Saving money to buy a house? Your dollar is worth half what it was at the end of 2020, new data shows

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A tough market for home buyers is getting tougher as the combination of rising prices and rising mortgage rates makes it even harder to afford a home, new data shows.

Despite these challenges, people are still buying homes. About 4 million are sold every month. But to a surprising extent, rising mortgage rates and a shortage of homes for sale (fueling rising prices and bidding wars) have weakened their financial position.

Today, people borrow much more money to buy homes at much higher interest rates than just a few years ago. Overall, a homebuyer’s dollar is worth about half what it was at the end of 2020.

In December 2020, mortgage rates hit some of their lowest levels ever, with a 30-year fixed rate available at 2.68%. This is a sharp drop compared to 3.78% the previous year.

Today, government-backed lender Fannie Mae says the average interest rate on a 30-year fixed-rate mortgage is 7.63%.

And prices have also skyrocketed. The median sales price for a single-family home is above $416,000 in the second quarter of this year, up from just under $360,000 at the end of 2020.

By some measures, US housing price indices are at all-time highs.

Lawrence Yun, chief economist at the National Association of Realtors, says that at the end of 2020, the monthly mortgage payment on a typical newly sold home was about $1,100 in principal and interest. Now it’s about double that.

The NAR estimates that a buyer today needs to earn $107,232 a year to afford that median home. That calculation is based on recent rates for a buyer who makes a 20% down payment and spends 25% of their gross monthly income on housing expenses.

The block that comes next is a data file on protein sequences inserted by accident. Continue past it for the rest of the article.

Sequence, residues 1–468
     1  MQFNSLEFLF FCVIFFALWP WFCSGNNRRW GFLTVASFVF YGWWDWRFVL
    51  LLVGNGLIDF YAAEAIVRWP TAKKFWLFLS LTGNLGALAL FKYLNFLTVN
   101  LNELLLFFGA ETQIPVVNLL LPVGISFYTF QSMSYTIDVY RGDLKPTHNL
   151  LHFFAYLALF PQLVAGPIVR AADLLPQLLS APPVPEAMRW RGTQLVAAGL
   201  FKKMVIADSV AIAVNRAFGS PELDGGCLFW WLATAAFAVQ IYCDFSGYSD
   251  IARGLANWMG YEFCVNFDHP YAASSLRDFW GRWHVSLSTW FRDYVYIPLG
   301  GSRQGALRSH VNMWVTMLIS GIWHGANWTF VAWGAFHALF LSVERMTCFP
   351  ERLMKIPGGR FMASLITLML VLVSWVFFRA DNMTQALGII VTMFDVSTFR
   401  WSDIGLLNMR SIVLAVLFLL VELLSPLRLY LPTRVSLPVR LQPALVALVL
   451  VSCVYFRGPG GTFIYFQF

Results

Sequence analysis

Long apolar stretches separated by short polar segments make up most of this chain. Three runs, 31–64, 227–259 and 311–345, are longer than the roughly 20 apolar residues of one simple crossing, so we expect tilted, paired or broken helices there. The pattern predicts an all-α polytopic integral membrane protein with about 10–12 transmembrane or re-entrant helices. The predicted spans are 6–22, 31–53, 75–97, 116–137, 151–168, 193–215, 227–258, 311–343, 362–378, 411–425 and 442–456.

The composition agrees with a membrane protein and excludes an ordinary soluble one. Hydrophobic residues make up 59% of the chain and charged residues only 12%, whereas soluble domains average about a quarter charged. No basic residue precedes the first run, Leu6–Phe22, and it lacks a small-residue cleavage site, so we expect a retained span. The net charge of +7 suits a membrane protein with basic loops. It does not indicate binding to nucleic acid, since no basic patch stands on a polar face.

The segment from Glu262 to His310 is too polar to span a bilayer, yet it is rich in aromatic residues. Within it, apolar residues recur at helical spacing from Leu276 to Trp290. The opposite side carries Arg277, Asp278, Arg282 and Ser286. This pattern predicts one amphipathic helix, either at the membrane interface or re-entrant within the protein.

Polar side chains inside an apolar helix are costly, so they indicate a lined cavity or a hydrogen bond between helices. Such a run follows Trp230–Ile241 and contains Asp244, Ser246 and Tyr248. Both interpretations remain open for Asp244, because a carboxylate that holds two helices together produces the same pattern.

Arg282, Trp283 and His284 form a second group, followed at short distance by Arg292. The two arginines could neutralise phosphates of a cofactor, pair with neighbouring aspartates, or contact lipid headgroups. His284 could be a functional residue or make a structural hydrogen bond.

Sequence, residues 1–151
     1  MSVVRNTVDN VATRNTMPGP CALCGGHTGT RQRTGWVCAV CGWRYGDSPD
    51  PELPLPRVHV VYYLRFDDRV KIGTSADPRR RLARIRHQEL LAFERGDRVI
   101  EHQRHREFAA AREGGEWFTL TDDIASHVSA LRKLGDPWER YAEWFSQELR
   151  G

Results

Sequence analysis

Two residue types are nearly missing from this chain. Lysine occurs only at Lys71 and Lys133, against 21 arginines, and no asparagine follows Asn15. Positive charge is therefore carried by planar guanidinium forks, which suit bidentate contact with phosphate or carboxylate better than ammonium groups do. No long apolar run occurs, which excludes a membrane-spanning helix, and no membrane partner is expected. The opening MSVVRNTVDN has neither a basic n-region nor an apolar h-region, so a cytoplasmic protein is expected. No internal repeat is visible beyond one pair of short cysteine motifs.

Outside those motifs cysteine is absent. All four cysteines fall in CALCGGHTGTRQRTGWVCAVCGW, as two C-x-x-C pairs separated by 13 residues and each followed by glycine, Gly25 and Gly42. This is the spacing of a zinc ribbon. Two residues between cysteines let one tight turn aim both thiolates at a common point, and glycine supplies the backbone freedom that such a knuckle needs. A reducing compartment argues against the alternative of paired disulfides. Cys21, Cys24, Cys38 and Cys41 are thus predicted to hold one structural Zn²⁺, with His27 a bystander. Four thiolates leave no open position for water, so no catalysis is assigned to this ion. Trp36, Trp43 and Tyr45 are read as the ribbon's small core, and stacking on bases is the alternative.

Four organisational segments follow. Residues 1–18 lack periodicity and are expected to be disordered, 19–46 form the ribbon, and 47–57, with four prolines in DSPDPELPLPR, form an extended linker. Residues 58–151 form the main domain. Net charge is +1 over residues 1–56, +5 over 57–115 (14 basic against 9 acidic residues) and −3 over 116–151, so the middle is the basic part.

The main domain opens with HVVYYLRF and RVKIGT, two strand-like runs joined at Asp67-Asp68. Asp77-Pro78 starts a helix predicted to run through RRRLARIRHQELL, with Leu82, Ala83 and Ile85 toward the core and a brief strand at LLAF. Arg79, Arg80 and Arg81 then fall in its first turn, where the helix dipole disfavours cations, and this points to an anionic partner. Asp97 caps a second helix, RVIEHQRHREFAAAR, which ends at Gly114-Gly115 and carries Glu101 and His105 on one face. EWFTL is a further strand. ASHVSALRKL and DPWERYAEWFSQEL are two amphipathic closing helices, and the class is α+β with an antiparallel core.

This is somewhat conservative, as many people spend more than 25% of their budget on these costs. And home prices vary widely across the U.S. But it still shows how difficult it is becoming to afford a home and feel financially secure.

The actual median household income was $74,580 in 2022, according to the US Census Bureau.

“If you don’t make six figures, it’s going to be really difficult” to afford a home in many markets, Yun told NBC News.

Discovering affordability

Another way to measure change: NAR also publishes a monthly housing affordability index. A typical reading, Yun says, is 120, meaning a person with a median income has enough money to buy a home that’s about 20% above the median price.

That figure has fallen from almost 170 pre-Covid to a preliminary total of 91.7 in August. This is the lowest reading since October 1985.

According to Yun, part of the problem stems from the 2006-2008 housing crisis, which started the Great Recession and the global financial crisis. Many smaller homebuilders failed, surviving builders became more conservative and, combined with rising regulatory costs, that has depressed construction for an entire decade.

That’s one of the reasons there are fewer homes for sale than usual. Another is that, in many cases, people who already own their homes and pay mortgage rates in the 3% to 4% range don’t want to sell or buy a new home at nearly 8%.

The difference between a monthly mortgage payment of 3% and one of 8% can be staggering. For a median-priced home costing $416,000 with a 20% down payment, your monthly mortgage at 3% interest is $1,403. At 8% interest it is $2,441.

Many people are excluded from the real estate market, which has also made rent more expensive. But there is at least some good news, according to Yun.

“Fortunately, at least when it comes to rent, they are building apartments in many cities,” Yun said.

He adds that there are also some positive signs for homebuilders. The stock prices of companies like Toll Brothers and NVR (the parent company of Ryan Homes, NVHomes and Heartland Homes) have soared in the last year, meaning investors want to give these companies cash they can use to build more houses. That alone won’t solve the affordability problem, but it would probably help.

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